The Chief of the Defence Staff, General Sir David Richards, has visited Nepal to address deep concern among Gurkhas that their historical ties with the British Army are being severely damaged by sweeping redundancies in the ranks.
The trip by General Richards, the Colonel Commandant of the Gurkha Brigade, was followed by Andrew Mitchell, the International Development Secretary, who was due to arrive in the Himalayan state yesterday to stress the help being given by the UK to troops and their families.
The high-level interventions illustrate the anxiety in the Government over the adverse publicity generated by the cuts in Gurkha numbers, with 400 out of the Brigade's 3,400 losing their jobs, as announced by the Ministry of Defence this week. Overall, 2,900 personnel from the Army, 1,000 from the Royal Air Force and 300 from the Royal Navy will go in the latest round of job cuts after the Strategic Defence and Security Review.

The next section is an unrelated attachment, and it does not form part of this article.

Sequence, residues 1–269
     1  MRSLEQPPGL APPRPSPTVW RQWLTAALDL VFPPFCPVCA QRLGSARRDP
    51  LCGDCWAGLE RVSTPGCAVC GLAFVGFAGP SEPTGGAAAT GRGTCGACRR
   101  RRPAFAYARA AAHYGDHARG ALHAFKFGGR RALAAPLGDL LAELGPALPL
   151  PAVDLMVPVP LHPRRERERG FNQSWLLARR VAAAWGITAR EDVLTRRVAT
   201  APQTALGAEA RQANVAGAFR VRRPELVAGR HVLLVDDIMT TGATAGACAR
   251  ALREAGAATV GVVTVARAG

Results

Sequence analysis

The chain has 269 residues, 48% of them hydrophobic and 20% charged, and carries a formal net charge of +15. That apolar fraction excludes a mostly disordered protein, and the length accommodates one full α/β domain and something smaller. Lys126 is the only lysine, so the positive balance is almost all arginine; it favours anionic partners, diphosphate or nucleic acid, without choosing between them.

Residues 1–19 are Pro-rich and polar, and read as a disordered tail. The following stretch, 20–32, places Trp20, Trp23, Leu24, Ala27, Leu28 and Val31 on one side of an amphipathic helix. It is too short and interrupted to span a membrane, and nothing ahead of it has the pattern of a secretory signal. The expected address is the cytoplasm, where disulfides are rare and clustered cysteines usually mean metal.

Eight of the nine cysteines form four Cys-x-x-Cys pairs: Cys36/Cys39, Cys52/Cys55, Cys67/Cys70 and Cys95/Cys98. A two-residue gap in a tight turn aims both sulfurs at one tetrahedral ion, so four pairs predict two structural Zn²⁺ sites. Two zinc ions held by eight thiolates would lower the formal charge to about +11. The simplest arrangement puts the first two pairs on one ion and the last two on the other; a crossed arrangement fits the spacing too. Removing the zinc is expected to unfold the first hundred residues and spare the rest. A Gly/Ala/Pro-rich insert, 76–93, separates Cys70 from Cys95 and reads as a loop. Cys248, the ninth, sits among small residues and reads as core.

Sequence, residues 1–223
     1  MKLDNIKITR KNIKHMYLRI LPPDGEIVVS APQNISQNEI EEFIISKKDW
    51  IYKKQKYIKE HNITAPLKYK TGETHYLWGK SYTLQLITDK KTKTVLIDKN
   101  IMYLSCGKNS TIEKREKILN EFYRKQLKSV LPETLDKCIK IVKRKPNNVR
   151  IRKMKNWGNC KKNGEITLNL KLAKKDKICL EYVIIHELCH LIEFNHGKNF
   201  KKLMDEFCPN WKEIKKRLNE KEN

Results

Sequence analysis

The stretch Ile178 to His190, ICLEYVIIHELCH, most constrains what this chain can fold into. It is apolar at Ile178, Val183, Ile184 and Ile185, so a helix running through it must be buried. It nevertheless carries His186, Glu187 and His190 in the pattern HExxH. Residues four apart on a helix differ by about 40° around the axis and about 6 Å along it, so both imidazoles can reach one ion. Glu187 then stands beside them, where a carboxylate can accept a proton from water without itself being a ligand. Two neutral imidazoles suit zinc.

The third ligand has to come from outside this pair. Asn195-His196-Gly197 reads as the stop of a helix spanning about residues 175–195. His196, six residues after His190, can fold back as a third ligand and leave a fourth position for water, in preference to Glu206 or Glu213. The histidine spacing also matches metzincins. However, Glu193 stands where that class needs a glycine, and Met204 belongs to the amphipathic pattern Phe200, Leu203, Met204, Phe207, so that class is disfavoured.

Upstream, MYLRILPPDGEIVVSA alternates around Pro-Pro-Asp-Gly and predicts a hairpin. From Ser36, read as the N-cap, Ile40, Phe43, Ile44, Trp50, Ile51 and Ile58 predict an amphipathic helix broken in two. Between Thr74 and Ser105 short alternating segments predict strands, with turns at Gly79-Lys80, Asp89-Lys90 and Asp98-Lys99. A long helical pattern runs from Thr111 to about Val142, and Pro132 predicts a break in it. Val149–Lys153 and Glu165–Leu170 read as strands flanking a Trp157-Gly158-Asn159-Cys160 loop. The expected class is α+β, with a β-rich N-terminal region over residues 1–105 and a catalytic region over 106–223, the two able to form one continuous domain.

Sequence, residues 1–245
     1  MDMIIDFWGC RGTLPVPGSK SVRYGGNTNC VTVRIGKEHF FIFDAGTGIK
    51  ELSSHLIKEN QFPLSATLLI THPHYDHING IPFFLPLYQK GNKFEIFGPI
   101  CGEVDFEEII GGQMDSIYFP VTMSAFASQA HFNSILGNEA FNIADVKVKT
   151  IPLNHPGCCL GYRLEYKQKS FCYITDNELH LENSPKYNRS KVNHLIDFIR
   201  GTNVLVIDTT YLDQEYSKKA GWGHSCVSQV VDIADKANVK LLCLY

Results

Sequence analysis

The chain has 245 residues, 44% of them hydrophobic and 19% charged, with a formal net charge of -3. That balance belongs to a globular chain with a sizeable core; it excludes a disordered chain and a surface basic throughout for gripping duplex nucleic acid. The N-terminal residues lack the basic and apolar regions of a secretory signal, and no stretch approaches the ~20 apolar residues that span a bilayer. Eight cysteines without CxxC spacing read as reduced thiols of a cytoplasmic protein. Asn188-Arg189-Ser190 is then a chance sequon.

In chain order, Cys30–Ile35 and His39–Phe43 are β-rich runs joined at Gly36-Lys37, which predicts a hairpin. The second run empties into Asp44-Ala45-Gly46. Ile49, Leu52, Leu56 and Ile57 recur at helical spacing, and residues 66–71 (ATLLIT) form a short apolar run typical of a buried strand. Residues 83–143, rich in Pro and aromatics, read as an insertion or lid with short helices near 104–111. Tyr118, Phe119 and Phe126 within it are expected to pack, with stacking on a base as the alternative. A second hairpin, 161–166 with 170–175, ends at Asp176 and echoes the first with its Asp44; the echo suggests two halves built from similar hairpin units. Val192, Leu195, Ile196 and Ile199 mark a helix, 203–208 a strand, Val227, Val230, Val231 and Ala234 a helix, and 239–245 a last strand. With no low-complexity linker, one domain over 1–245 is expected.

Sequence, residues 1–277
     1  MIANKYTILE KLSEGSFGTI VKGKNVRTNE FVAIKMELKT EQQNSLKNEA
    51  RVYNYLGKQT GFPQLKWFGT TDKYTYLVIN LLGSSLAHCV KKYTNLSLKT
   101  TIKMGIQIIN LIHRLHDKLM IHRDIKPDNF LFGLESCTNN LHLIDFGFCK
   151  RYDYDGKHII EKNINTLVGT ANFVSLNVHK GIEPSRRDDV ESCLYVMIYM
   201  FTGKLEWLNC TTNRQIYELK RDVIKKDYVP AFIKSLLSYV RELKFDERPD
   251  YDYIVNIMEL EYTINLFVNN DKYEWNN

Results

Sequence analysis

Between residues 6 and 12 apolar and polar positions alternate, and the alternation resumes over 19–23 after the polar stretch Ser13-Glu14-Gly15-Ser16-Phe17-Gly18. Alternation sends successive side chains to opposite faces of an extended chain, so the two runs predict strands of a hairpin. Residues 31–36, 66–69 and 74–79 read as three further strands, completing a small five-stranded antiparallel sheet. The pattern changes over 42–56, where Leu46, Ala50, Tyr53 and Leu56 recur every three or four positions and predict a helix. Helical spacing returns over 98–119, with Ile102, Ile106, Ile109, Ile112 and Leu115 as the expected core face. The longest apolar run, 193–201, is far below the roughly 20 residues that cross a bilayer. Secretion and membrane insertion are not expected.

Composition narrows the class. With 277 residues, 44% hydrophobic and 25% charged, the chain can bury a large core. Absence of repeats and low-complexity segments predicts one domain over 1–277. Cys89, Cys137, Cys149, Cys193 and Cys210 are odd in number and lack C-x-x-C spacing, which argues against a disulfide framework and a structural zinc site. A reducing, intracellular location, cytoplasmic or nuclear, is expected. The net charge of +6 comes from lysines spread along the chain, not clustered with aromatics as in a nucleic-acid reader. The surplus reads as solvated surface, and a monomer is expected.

Defence officials say the Gurkhas have become particularly vulnerable after a successful campaign to bring their pay and working conditions in line with that of British soldiers. One of the main changes meant Gurkhas can serve for 22 years rather than the 15 to which they had been restricted, thus adding to the wage bill.
The Opposition charged the Government with betraying servicemen and women who have made sacrifices in Britain's wars, highlighting the case of the Gurkhas – the only troops to have been part of every single brigade deployed to Helmand in Afghanistan since 2006.
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